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Upper Normandy : a haven of peace

Regions and cities Working and succeeding in France Upper Normandy

Normandy, a country of peaceful enclosed farmland, is a symbol of mellowness and easy living. Its fabled seaside resorts have been immortalised by the impressionists. Its 120 km of chalk cliffs have made it definitively famous.

Things to know

Enclosed farmland and industry

Upper Normandy has a tumultuous history. It's also that of a prosperous region. Already rich from its maritime trade and agriculture, the 19th century brought it textile mills and metallurgy and the 20th cars and chemicals.

Some of the companies in the region

Upper Normandy

For more information, consult the Invest in France Agency’s website

Cultural heritage

Évreux Cathedral

This is one of the town's most remarkable buildings due to its mix of architectural styles: high gothic rayonnant style, late gothic flamboyant style and Henri II. It was destroyed by fire several time, restored in 1220 and completed in the 17th century.

Exceptional sites

Le Havre town centre

Le Havre was destroyed at the end of the Second World War. Auguste Perret was entrusted with rebuilding the town centre. He made the 150 hectares of the town into one of the most coherent complexes of 20th century modern architecture.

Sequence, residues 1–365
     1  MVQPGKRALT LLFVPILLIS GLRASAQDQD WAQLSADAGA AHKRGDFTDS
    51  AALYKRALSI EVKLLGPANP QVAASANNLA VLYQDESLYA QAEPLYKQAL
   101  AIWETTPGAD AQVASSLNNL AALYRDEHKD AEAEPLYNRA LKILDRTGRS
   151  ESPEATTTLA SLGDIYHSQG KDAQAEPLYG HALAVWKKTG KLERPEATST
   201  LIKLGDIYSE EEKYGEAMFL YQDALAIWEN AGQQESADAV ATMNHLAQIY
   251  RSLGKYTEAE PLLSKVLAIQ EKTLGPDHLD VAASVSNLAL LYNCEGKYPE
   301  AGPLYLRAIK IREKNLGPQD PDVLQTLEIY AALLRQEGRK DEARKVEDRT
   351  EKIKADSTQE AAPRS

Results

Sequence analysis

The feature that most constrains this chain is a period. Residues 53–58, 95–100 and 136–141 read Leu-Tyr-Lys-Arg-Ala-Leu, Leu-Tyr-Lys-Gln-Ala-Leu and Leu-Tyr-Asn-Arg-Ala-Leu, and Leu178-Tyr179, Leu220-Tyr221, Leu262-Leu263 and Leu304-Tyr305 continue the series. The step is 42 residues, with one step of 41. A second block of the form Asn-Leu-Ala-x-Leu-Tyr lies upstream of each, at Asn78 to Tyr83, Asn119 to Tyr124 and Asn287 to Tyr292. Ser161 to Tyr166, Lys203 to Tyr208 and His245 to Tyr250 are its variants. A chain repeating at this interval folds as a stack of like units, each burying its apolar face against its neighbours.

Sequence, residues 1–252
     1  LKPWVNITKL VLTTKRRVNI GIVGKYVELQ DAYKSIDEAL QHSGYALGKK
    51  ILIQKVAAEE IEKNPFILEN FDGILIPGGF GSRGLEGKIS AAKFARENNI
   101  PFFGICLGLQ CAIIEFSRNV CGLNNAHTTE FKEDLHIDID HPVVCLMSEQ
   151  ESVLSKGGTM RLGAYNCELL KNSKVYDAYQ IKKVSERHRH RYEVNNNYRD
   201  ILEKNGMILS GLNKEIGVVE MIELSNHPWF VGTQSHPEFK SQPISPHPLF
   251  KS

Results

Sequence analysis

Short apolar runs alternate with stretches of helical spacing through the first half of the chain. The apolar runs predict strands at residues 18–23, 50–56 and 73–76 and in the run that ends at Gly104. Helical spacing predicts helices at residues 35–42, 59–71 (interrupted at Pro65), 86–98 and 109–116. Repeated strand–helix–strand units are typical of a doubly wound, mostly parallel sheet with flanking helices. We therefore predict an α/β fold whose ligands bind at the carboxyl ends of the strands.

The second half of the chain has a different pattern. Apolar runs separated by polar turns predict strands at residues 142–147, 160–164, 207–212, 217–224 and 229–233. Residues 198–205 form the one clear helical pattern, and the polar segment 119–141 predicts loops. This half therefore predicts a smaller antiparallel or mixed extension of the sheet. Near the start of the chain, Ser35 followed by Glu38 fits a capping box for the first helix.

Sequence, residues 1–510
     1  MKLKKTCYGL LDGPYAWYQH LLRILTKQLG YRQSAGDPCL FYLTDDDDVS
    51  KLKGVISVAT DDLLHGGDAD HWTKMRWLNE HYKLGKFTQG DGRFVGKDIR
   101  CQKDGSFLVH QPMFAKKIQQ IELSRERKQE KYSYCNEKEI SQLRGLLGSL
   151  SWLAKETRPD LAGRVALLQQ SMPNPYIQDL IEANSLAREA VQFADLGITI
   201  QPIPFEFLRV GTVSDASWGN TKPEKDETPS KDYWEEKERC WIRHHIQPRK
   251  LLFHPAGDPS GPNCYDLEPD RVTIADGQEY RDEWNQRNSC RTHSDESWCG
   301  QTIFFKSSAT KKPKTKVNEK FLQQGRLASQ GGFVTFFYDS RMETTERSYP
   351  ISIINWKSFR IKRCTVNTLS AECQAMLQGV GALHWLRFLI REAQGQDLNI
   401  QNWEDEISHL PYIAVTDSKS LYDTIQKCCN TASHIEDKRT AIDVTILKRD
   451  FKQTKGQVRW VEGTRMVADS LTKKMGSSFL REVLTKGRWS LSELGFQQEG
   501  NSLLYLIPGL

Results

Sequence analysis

The cradle of impressionism

It was during a stay in Le Havre that Claude Monet painted "Impression, sun rising". The painting gave its name to the movement that spread over the whole of Upper Normandy. Renoir, Pissarro… the greatest painters were inspired by the region's light and characteristic landscapes. 


Land and sea

Butter and cream take pride of place in this cookery which is enriched by the different areas within the region: Rouen specialities "à la rouennaise" − duckling, hedgehog mushrooms and scallops – or Dieppe specialities "à la dieppoise" – fish stew or sole. Not forgetting the cheeses and Normandy cider. 

Events and festivals

The Rouen Armada

Every 4 to 5 years, the world's largest sailing boats moor alongside the quays of the Seine. At the end of 10 days of festivities, concerts and firework displays, the Armada ends with the parade of boats that sail down the river to go back to sea.